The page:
I kept a good steady pace to the end, but when I stood up I realized that I was still fifty feet from shore. I debated diving back in, but the crowd was too thick, and so I resorted to the high step water run. “It’s all gravy from here” I said to myself as I ran up the ramp towards the wet suit strippers. My transition was quick; no socks no gloves, no arm warmers, no change of clothes, just shoes, helmet and glasses. Melony, Sam, Sophia and Lori were outside the fence just ten feet from my bike; they cheered me on as I grabbed the most badass ride in the rack and started rolling.

The first few minutes after transition are always confusing; it took me a mile or two to get my bearings, but once I did I started increasing the pace. What exactly that pace was I had no idea as my bike computer picked race day to stop working.

When playing the Ironman game it’s easy to get caught up in numbers: wattage, pulse rate, lactate threshold, anaerobic threshold, VO2 max, and while as an engineer I like numbers I had decided to forgo all data input and just concentrate on maintaining a strong sustainable effort. Knowing my speed would have been nice, but I wasn’t about to stop and play with that stupid computer.

On the way out of town some hairback gave me a nice body check and almost sent me off the road and into the gravel. Worse yet the dude acted like it was my fault. Normally I would have jumped on the pedals and dropped the guy like a bad habit, but I had a long day ahead and so I kept my cool. At about mile 25 the crowds were starting to thin out and just as I was getting into a really fine groove I felt that terrible sensation of metal on pavement. Sure enough I had flatted, and worse yet it was on the rear tire.

My mind went into super focus mode, tire irons out, wheel off, tire off, tube out, tube in, tire on wheel on, irons and tube into rear pocket and back on the road. Don’t think about all of the people going past, don’t even look at ‘em, even when Amy came by yelling “hey Mike” I kept my head down. Once back on the road I realized that I hadn’t checked the tire for any glass or metal, maybe something was still in the tire, what if I flatted again, I’d have to patch the tube, that would take at least twenty minutes. Worse yet I had flatted on this same tire only two days before, just after I’d had the race wheels installed; two flats in less than thirty five miles, no way was I going to make it another ninety. Panic started to push its way in, all these months spent busting my ass only to end up carrying my bike ten miles to the next aid station. Normally I’m an aggressive rider, but now I had to tone it down, I couldn’t risk hitting a pothole or running over a pile of glass, I couldn’t just put my head down and go, I had to keep my eyes locked on the road and hope for the best.

Starting up Richter Pass I spotted my coach. “You got a spare tube?” I yelled. No luck. I hadn’t ridden the bike course prior to the race and so I didn’t know what to expect from the infamous Richter Pass. The grade was steady and moderately steep, no big deal, I stayed in the saddle and just kept turning the pedals over. I was surprised by how many people lined the road, and as I neared the top Cynthia stuck her head out from the crowd and shouted “you look great Mike keep going.” Cynthia, by the way, is awesome. At the top of the Pass I spotted Sam’s plaid shorts, holy cow what a blessing: Melony, Sam, Sophia and Lori were out on the bike course. Having friends and family out there cheering me on gives me such a lift, I was grinning for the next ten miles.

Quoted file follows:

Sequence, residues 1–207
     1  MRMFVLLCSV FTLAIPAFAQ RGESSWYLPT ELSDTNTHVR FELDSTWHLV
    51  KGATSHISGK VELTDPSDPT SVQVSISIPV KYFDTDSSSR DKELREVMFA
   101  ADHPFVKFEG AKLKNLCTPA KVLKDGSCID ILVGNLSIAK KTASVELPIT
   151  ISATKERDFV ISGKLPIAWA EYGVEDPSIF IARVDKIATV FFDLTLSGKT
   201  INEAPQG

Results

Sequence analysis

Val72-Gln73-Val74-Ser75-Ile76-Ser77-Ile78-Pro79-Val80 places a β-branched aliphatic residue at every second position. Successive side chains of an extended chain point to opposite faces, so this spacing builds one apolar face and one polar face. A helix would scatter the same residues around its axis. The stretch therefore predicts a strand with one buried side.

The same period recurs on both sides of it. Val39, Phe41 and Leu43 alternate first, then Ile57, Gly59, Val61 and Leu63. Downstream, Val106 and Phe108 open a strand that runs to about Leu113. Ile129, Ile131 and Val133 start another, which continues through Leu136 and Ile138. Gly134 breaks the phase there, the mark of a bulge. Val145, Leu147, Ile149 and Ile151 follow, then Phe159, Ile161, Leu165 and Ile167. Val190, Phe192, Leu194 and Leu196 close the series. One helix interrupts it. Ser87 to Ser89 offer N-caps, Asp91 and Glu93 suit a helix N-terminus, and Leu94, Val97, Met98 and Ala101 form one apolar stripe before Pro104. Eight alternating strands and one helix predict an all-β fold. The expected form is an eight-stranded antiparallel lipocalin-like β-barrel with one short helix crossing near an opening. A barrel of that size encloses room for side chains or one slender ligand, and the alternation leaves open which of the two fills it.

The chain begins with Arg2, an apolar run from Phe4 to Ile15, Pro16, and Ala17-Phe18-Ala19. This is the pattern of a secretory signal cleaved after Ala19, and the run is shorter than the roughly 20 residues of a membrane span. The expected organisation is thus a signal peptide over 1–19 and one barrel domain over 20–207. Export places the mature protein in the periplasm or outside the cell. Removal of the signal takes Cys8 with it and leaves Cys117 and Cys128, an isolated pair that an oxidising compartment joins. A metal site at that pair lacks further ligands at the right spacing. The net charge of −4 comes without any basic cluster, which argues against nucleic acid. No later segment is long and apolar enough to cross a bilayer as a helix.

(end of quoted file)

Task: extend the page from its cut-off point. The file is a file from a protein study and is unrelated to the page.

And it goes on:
I cruised through the rollers feeling good, I was staying hydrated and maintained my nutrition plan of three hundred calories and eight hundred milligrams of sodium every hour, but by the time I started on the out and back I began to feel the hours in the saddle. The roads were rough and the wind was picking up, I can ride hills all day, but put me on a crappy chip seal road and listen to me whine. At the special needs station I stopped for a quick shot of caffeine, and turned to go, but just as I was leaving I noticed two inner tubes on top of a cardboard box. “Hey can I have these?” I asked a volunteer; “sure,” he said “you want some CO2 also.”

“No, wait wait yes I do. I need a threaded one.”

“You got it man,” he said and pulled out a handful of brass colored tubes.

I stuffed the cartridge along with the two tubes into the already crowded rear pocket of my tri jersey.

Two minutes after leaving the special needs station I heard the clank clank clank of a CO2 cartridge hitting asphalt. “Hey you dropped your CO2,” called a woman’s voice. I pretended not to hear.

A minute later a fit thirty seven year-old pulled alongside me, “you dropped you CO2 back there.”

“Who me? Really?”

“Don’t worry it bounced off the road.”

“Thanks for letting me know.”

“I got a spare. You need one?”

“No thanks, I have one in my jersey.” I dodged a bullet on that one.

Finally we got off the farm road and started to head back towards Penticton. There wasn’t much of a wind and the road was nice, so why couldn’t I get going. I was in my small chain ring huffing and puffing along, I was expecting to get passed, but nobody was going by, as a matter of fact I was passing riders. “What’s going on!” I thought to myself. After about twenty minutes of struggling I spotted a big crowd up ahead, people were lined up tight forming a narrow corridor just big enough for a bike and its rider. Folks were yelling and running along with the bikers, “oh my God,” I said out loud “this is Yellow Lake,” I’d been climbing for ten miles, no wonder.